Rule by the Margate Local Board of Health 1851 - 1858

Anthony Lee

4. The Inspector Calls.

The debate in Margate now shifted to the question of how best to deal with the inspector when he came. On 18 October the Kent Herald published an editorial, under the title The Government Inspector:43

Now that there remains no longer any doubt as to the coming of the government offi­cer to enquire into the sewerage and the supply of pure water to the 10,900 settled inhabitants, and the 70,000 to 100,000 visitors during the summer season, a great outcry is beginning to be made as to the enormous expense it will entail, and for no purpose, beyond that of exposing the errors of our system in resting contented with the most incomplete, ill-constructed sewerage imaginable, the thorough absence of a good supply of water, the burying of the dead in the midst of the living, and the forming under nearly each and every house a cesspool, or pools for the reception of night soil and filthy water. Well indeed may the enquiry be dreaded, but futile will be the oppo­sition now organizing to stifle it. Statistics, the most extensive of longevity, most extraordinary in places declared most dirty, in conjunction with a statement of the low rate of mortality in this town as compared to others, will be thrust under the commissioner's nose, and thereby an attempt be made to convince him that  it is the paragon of excellence. Those who have been foremost in complaining of the manifest nuisances, now hide themselves, and everything has become to them sweet by reason of the cold weather, feeling no anxiety for the future, and certainly no compunction for the past.

On 1 November the Kent Herald published a report, later to be found untrue, that the inspector had already started his work, but helpfully suggested an itinerary for him, parts of which have already been quoted:33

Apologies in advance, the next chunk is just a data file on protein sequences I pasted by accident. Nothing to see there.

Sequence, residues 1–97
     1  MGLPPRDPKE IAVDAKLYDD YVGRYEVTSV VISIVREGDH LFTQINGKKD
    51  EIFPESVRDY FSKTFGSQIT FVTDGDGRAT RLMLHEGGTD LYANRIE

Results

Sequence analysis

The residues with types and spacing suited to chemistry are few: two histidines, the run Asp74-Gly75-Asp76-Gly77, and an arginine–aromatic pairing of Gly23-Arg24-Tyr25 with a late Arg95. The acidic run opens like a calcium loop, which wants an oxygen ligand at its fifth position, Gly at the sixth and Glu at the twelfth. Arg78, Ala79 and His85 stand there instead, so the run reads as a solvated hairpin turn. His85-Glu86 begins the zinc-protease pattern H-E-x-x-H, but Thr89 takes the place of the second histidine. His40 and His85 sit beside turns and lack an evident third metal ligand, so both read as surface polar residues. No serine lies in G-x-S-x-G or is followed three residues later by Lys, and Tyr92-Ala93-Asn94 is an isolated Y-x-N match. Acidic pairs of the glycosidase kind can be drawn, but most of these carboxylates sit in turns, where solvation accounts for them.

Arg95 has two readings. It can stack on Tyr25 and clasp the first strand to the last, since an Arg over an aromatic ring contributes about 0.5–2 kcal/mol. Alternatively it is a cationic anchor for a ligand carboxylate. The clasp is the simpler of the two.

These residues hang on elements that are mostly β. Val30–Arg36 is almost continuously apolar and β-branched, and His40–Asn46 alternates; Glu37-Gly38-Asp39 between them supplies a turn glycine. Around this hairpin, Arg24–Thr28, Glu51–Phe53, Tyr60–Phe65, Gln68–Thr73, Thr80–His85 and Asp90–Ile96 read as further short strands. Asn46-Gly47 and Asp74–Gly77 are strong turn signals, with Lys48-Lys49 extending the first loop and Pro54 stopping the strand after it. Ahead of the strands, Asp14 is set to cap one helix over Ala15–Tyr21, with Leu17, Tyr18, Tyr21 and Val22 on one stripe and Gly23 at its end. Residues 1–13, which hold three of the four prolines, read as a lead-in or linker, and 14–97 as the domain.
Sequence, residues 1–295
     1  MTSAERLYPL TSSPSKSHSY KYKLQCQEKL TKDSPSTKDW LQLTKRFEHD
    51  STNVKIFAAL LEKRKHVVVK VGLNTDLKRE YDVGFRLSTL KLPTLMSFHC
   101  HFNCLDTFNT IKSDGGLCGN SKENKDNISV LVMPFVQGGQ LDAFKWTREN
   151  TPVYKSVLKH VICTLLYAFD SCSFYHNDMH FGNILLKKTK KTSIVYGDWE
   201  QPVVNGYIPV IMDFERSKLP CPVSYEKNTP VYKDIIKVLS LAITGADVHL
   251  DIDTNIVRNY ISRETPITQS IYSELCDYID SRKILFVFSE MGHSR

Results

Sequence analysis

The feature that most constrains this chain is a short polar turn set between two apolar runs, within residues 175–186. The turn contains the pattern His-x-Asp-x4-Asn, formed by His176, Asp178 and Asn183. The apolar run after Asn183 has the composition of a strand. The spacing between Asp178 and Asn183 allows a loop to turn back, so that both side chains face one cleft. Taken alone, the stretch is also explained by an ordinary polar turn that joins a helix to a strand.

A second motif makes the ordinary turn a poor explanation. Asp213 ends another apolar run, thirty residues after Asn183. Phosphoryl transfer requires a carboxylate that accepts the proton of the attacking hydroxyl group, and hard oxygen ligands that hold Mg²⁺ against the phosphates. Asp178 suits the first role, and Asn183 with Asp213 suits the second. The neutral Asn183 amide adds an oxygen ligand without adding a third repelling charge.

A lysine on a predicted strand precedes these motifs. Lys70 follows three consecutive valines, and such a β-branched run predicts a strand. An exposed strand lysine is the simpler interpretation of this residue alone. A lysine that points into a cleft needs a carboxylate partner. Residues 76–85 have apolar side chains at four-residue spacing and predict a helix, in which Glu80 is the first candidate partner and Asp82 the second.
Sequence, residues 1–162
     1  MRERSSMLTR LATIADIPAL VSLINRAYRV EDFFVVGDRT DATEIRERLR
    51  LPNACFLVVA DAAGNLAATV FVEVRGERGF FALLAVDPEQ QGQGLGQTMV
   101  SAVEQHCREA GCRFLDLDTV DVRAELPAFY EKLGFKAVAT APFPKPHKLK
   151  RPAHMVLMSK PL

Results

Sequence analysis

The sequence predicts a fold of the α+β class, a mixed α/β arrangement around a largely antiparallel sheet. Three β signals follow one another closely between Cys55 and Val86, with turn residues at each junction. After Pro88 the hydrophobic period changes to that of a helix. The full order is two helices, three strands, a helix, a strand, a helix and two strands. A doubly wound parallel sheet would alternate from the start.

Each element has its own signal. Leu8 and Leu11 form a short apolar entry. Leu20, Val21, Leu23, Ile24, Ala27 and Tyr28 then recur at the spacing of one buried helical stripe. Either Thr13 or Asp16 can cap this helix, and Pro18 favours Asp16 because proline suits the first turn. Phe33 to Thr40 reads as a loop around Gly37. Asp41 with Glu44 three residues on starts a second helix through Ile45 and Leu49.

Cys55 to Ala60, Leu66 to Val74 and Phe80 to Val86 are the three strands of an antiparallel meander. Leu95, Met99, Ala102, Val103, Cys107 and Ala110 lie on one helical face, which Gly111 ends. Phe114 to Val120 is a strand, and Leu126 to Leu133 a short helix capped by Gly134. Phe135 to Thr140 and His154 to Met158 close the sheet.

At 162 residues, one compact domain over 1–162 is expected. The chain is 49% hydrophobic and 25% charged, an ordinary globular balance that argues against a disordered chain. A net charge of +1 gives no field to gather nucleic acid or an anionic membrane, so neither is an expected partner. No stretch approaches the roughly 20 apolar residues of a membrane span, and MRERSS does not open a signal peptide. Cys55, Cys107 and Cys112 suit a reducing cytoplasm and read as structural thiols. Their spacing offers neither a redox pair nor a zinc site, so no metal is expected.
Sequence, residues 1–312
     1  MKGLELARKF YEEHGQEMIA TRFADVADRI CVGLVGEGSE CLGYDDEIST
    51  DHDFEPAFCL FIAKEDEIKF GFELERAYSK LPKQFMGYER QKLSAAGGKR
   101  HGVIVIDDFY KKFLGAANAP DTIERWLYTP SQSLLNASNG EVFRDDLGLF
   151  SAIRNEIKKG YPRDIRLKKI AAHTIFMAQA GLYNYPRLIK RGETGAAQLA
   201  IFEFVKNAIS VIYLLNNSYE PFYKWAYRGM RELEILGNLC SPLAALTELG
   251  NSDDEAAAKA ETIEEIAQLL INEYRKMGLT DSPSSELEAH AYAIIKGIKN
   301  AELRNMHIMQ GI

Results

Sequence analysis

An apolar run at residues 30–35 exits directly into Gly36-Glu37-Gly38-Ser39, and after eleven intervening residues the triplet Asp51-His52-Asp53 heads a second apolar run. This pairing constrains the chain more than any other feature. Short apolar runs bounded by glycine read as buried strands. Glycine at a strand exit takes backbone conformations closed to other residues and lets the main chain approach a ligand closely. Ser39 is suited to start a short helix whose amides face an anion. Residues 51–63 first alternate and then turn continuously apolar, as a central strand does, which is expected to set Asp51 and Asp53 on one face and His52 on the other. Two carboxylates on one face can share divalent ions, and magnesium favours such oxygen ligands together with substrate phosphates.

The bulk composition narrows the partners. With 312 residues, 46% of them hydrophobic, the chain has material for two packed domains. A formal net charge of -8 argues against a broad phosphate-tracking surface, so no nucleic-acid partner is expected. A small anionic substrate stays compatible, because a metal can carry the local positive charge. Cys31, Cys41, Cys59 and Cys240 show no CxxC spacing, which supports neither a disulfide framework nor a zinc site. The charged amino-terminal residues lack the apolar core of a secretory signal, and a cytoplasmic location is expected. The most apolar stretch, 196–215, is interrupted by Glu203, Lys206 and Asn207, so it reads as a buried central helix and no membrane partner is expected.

It is said but how truly we do not know, that a certain ambiguous looking personage at present perambulating the town, is none other than the government inspector in-cog,examining the correctness of the statement contained in the memorial forwarded a month back to the government in reference to the sanitary condition of Mar­gate. If such be the case the conclusion he must arrive at is easy to guess, particularly so if he wends his way towards High-street and thence to the Harbour which has evolved the most vile stench imaginable, from the decomposing sea weed during the past week. If the gentleman goes eastward along King-street the atmosphere is little if any better, it being as medical men assert constantly charged with fever more or less and arising from an imperfect (and in some cases) total absence of drainage and no supply of water to the numerous courts and alleys, cess-pools, and slaughter-houses, in a densely populated neighbourhood. Proceeding onwards and contiguous to a dirty place known as the Town-yard is the gas house, the surrounding air of which is rendered exceedingly impure by the noxious gases that are sent forth from the factory; — if he proceeds southward he inhales the pestilential air of the grave yard and where the occupiers of the house adjoining assert that the heads of the  coffins come flush against the founda­tion or kitchen wall, and have actually been seen through the crevices in the brick wall, and the mice travel in and out, rendering it necessary to cement the holes up. Con­tinuing on, the parish church-yard meets his view where for some hundreds of years interments have taken place, and which has long been considered full, and without any disinfectant having been applied to it, even during the worst times of the cholera. The very appearance of the place will show it is surcharged with dead bodies, and yet it is surrounded with dwellings, no steps having been taken for its closing which it imperatively demands. We say if the gentleman in question is present in the town with those glaring facts before him, and he can come to any other conclusion than that it wants prompt remedial measures, it will require stronger evidence than has ever been submit­ted to an enquiring board. The oppositionists are deserving of credit for the energetic manner in which they persevere in obtaining statistical evidence of health and longevity of one from the 99 who fell victims; but the plan cannot be admired of enlisting under their banner poor people who from their birth have been unacquainted with domestic comforts arising from a total ignorance of sanitary rules and observances, and who as much dread an innovation on their long accustomed habits, producing ill health and pauperism, as they would an increased rent charge, even if the proceeds of the latter went to raise their moral and physical condition. Such evidence comprising the fact also that the deaths for the last quarter were equal to the 12 months’ previous, and that there is no service of water and very little sewerage, will tend of itself to bring about a better state of things and that speedily.